Medication Monitor



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Generic Name (Trade Name—Company)
Notes
  • June 13, 2011

    Bedford Laboratories initiated a nationwide voluntary recall of indomethacin for injection, 1 mg single dose vial, Lot #1948138, Expiration Date September 2011, NDC #55390-299-01. This voluntary recall was initiated because some of the vials in this lot number may contain particulate matter. Out-of-specification results were obtained for particulate matter ≥ 10 micron. The product did meet specification for particulate matter ≥ 25 micron. The particulate matter has been identified as active drug substance and not foreign material or contamination. The product was distributed to wholesalers and distributors nationwide.

      

  • June 13, 2011

    Uses:

    Adjunctive treatment of partial-onset seizures in adults 

    Ezogabine is the first neuronal potassium channel opener approved for the management of patients with epilepsy. Activation of potassium currents mediated by the KCNQ family of ion channels results in stabilization of the resting membrane potential and a reduction in brain excitability. Patients randomized to total daily maintenance ezogabine dosages of 600 mg/d, 900 mg/d, or 1,200 mg/d had significant reductions in seizure frequency over a 28-day period, compared with placebo. According to a press release by Valeant and GlaxoSmithKline, the drug will not be available until later this year because FDA has recommended that the drug be classified as a controlled substance due to its euphoric effects. Final classification is still under review by the Drug Enforcement Administration.    

  • June 10, 2011

    FDA has approved Merck’s redesigned drug container labels that were developed under Merck’s Label Standardization Project. The labels will include a new standardized format to improve readability and provide better information on product and strength differentiation. The project includes the revision of 34 container labels for 16 oral products. The drugs affected include Cozaar, Crixivan, Hyzaar, Isentress, Janumet, Januvia, Mevacor, Noroxin, Prinivil, Prinizide, Propecia, Proscar, Singulair, Zocor, and Zolinza.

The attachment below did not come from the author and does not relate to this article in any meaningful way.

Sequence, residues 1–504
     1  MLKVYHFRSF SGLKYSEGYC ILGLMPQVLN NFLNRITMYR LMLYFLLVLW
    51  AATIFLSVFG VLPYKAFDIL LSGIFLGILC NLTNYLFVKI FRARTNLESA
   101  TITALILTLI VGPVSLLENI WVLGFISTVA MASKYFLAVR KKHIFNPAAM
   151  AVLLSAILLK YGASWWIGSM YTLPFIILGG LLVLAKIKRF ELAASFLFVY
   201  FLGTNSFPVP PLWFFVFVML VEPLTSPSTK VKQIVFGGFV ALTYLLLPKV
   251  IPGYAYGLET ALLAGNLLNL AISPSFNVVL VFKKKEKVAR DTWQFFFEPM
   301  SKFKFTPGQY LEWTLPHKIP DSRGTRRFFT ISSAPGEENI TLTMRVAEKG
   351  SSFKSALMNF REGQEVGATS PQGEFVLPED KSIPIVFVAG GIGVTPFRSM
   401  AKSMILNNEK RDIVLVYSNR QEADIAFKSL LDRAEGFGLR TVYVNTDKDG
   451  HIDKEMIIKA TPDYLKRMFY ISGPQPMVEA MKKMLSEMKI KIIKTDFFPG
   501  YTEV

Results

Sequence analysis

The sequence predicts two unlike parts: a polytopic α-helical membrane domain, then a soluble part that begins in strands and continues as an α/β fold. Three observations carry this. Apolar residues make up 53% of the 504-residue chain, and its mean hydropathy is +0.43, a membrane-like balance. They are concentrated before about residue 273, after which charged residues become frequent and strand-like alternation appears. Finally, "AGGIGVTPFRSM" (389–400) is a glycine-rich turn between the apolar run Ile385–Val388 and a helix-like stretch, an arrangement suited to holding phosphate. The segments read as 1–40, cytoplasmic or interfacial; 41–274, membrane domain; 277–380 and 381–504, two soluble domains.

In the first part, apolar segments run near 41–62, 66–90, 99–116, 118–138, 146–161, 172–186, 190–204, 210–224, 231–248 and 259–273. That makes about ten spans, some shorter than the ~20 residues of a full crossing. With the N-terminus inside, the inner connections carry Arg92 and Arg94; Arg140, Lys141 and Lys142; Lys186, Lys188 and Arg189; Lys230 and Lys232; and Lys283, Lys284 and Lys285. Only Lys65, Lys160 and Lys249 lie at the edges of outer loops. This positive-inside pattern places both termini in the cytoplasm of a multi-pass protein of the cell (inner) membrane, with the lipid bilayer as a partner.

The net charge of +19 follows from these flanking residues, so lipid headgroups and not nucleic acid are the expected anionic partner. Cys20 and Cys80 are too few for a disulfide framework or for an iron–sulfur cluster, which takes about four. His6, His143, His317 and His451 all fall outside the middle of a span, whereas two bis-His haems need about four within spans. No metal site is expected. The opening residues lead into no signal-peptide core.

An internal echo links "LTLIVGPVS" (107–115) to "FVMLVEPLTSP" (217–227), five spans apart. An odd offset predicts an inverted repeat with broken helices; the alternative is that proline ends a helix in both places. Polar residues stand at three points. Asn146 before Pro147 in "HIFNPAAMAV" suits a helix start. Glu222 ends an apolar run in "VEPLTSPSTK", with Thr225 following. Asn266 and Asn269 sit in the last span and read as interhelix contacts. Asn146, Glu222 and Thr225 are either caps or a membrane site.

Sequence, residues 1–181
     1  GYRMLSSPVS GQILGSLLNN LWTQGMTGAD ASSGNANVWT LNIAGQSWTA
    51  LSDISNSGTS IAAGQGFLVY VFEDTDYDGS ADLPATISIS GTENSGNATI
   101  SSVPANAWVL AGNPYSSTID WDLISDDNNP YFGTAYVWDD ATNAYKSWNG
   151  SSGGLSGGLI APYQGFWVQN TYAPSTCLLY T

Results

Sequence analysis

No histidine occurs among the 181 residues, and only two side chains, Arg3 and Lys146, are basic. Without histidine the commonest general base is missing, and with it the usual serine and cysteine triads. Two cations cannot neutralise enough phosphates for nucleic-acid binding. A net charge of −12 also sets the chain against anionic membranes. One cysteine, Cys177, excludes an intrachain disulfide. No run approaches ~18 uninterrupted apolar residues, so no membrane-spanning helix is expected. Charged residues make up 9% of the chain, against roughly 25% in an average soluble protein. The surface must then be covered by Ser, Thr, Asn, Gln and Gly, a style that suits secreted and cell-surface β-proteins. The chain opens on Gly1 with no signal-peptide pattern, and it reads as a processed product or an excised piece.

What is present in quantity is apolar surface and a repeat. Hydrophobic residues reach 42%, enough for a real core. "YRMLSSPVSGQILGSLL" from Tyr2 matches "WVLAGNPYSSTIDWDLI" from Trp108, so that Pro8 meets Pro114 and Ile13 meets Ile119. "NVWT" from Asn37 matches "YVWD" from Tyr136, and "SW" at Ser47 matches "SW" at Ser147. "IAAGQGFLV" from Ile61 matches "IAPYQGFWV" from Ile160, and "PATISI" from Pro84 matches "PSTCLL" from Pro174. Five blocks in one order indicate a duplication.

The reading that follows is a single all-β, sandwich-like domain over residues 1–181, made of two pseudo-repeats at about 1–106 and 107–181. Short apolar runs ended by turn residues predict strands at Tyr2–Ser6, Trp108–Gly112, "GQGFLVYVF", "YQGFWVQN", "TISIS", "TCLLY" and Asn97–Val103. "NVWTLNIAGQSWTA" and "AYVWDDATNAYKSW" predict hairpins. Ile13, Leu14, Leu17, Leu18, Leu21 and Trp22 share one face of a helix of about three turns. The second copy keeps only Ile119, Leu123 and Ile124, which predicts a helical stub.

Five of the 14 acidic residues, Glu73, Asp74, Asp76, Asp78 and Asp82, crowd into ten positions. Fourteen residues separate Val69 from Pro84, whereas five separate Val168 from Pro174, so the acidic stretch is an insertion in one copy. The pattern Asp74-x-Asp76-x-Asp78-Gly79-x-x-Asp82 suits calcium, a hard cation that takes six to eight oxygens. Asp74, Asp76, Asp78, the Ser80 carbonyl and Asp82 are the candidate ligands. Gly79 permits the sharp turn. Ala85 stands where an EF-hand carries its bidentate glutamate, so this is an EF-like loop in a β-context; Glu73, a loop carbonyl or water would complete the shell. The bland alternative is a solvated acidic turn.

• June 9, 2011

    FDA is alerting health care providers that the Warnings and Precautions section of the labels for the 5-alpha reductase inhibitor class of drugs has been revised to include new safety information about an increased risk of being diagnosed with a high-grade prostate cancer. Data from the Prostate Cancer Prevention Trial (PCPT) and the Reduction by Dutasteride of Prostate Cancer Events (REDUCE) showed an increased incidence of high-grade prostate cancer with use of finasteride 5 mg/d for 7 years and dutasteride 0.5 mg/d for 4 years.

     

  • June 9, 2011

    Simvastatin dosage restrictions have been announced by FDA, along with additional contraindications concerning use of the drug with certain other medications or above certain doses with other drugs. Simvastatin 80 mg should be used only in patients who have been taking this dose for 12 months or more without evidence of myopathy, FDA said. Simvastatin 80 mg should not be started in new patients, including patients already taking lower doses of the drug, the agency added. FDA said simvastatin should never be used with posaconazole, and it moved three drugs from a "do not exceed simvastatin 10 mg" category to an absolute contraindication (gemfibrozil, cyclosporine, and danazol). Dosing limits for simvastain were lowered for amiodaraone, verapamil, and diltiazem (now 10 mg daily) and added for amlodipine and ranolazine (Ranexa—Gilead) (20 mg daily).

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